"Our beautiful waterfront jewel will be Aretha Franklin Park," he said, "and when performers from generations to come from around the world come here they will be reminded they are performing at the home of the 'Queen of Soul.' "
In the church lobby were floral arrangements from some of Franklin's best-known friends, including Tony Bennett, Barbra Streisand and Diana Ross.
Isiah Thomas, the former Detroit Pistons player and a friend of Franklin's, told CNN he could hardly believe the day had arrived to say goodbye.
"Even though you knew over the last couple of months that she was sick and you knew this day was coming and you thought you would be prepared for it -- but now that it's here it really is overwhelming," he said.
Shirley Caesar, the famous gospel singer and another friend of Franklin's, agreed.
"I've been wishing and hoping that I will wake up and that this is just a dream," she said.
Service honoring Franklin's roots
Friday's service was to touch on Franklin's significance to her friends, family and fans, organizers told CNN, with musical tributes planned from artists such as Grande, Hill, Stevie Wonder, Jennifer Hudson, Fantasia and Jennifer Holliday.
Besides the Detroit mayor, former President Bill Clinton, Michigan Gov. Rick Snyder and the Rev. Jesse Jackson were to speak, signifying Franklin's political and social influence. She stood on the front lines of the civil rights movement, where her music served as a frequent anthem.
The presence of Hollywood stars such as Tyler Perry and Cicely Tyson, who will also speak, are a nod to Franklin's contributions on screen and off in films such as "The Blues Brothers."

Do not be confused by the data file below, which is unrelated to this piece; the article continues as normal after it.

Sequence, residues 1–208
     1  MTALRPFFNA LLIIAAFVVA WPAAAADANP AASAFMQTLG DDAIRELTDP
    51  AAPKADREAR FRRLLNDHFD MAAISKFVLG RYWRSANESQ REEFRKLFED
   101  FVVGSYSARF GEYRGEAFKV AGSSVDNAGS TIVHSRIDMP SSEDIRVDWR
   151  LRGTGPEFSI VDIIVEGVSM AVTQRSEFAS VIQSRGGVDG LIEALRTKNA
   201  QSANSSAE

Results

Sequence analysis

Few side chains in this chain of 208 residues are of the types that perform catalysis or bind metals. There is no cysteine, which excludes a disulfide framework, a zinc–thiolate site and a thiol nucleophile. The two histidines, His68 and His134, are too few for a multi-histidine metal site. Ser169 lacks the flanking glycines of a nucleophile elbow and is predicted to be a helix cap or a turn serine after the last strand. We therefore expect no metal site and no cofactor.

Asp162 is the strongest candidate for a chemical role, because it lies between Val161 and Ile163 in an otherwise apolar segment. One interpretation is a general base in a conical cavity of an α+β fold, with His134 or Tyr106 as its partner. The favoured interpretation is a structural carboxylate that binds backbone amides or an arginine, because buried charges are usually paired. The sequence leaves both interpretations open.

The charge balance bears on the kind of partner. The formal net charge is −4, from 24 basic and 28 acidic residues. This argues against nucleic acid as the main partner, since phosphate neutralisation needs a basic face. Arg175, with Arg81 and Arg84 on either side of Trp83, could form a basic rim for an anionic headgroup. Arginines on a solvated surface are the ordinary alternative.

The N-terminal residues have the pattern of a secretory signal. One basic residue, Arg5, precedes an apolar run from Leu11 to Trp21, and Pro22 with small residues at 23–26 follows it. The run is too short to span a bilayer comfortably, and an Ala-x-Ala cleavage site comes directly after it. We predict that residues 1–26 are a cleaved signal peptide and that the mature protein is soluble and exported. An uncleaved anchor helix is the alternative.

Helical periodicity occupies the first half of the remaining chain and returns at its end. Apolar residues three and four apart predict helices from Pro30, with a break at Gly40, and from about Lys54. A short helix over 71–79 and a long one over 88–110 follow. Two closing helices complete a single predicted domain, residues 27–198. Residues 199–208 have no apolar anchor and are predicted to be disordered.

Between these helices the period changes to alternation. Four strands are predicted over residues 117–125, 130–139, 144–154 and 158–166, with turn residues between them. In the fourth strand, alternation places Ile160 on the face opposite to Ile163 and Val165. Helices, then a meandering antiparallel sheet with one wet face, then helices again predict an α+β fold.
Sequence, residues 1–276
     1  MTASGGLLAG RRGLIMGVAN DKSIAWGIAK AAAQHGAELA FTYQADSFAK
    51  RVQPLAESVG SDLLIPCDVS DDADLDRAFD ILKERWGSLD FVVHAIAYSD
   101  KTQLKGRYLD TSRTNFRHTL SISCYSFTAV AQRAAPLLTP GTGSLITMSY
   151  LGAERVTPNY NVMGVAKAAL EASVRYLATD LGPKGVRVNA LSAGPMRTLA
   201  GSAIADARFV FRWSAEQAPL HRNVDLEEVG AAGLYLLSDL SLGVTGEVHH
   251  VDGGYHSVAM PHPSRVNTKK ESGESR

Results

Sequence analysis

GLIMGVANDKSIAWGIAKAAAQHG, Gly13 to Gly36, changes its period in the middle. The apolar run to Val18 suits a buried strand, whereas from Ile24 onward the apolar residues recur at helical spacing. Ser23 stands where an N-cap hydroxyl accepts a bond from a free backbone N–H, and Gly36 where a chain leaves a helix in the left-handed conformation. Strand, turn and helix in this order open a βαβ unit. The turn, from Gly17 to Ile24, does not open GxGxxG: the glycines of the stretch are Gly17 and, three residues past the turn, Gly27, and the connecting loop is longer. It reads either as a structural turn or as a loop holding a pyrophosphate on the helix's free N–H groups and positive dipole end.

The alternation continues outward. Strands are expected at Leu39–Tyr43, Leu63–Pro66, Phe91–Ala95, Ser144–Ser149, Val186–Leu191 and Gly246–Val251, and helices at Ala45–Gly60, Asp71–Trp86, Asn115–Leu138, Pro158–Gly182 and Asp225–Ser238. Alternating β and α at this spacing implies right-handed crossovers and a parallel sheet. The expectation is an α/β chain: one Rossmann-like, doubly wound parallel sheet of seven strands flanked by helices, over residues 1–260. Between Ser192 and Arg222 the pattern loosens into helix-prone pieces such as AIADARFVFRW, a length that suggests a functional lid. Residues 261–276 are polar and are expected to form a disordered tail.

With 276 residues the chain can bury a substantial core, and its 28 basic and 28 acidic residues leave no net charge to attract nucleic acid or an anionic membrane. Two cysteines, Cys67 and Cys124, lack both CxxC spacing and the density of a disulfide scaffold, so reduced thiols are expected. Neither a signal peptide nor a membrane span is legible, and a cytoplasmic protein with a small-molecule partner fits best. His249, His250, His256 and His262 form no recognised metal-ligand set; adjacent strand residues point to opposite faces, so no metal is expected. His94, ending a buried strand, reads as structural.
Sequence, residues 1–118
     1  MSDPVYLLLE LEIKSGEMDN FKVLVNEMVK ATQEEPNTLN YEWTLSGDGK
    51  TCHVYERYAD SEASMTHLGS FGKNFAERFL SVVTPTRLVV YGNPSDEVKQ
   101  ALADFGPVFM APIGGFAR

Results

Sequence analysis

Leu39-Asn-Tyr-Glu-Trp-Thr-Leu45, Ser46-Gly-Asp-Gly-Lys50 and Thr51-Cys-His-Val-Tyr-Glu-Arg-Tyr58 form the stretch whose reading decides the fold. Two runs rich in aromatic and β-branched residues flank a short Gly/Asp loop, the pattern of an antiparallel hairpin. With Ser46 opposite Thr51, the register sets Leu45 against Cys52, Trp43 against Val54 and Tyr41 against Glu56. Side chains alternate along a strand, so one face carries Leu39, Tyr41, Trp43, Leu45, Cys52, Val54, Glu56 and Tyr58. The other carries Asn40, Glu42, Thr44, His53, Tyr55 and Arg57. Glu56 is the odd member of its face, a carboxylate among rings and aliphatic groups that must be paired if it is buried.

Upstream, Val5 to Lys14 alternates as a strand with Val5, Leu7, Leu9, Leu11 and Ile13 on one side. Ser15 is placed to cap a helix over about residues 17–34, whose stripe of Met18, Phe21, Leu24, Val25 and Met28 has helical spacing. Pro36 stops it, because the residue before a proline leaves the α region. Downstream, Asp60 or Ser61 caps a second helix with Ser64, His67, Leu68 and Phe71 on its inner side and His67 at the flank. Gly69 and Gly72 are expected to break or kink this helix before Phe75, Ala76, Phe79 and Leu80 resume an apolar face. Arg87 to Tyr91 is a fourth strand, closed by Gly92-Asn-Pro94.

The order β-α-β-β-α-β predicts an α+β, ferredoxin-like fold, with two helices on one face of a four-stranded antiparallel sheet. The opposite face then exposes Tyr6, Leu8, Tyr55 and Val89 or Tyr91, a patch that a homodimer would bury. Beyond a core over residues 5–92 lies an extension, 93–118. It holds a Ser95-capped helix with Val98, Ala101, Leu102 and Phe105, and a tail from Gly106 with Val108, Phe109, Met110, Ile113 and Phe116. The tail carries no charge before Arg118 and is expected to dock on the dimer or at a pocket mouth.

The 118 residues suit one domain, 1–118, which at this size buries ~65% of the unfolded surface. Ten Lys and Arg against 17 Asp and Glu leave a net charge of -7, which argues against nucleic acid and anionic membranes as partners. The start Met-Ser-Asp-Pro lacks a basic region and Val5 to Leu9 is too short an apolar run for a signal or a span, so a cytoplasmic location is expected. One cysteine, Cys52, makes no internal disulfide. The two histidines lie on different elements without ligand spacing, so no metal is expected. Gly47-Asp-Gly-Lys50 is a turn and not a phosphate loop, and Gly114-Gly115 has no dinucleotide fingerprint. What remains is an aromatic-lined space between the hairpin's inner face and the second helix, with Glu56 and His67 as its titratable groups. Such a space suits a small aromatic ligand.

Remarks from her grandchildren and an obituary reading by her niece Sabrina Owens are planned
Owens told CNN the funeral service will pay homage to Franklin's gospel roots and her love of the church.
"We knew we wanted to have certain gospel artists like the Williams Brothers and Pastor Shirley Caesar," Owens said. "And there were other people who called us wanting to participate."
Her family wanted to keep the funeral service private to those closest to Franklin -- though it's being streamed and portions broadcast by major networks -- but worked to provide the singer's fans an opportunity to say goodbye this week, Owens said.
Viewings earlier this week at the Charles H. Wright Museum of African American History and at Franklin's childhood parish, New Bethel Baptist Church, as well as an all-star tribute concert Thursday night, were all planned with the public in mind.
Friday's service, however, is featuring those who knew and loved Franklin most, such as her childhood friend, singer Smokey Robinson, who talked to CNN earlier about his lifelong friendship with Franklin.
"Aretha was my baby," Robinson said. "We were just cool all of our lives, and we stayed in contact, and we talked all the time up until she was no longer able to do that a few weeks ago."
Owens said Franklin loved fiercely and was the family's matriarch.
"We really haven't had much of an opportunity to have private moments," Owens said. "I know the world lost the 'Queen,' but her sons lost their mother, her nieces and nephews lost their aunt. ... We lost a family member and we haven't had a chance to come together as a group to truly realize that we have lost one who loved us so much and was so loyal to us."
Owens added, "It's going to be very difficult after all this is over and people have all gone away."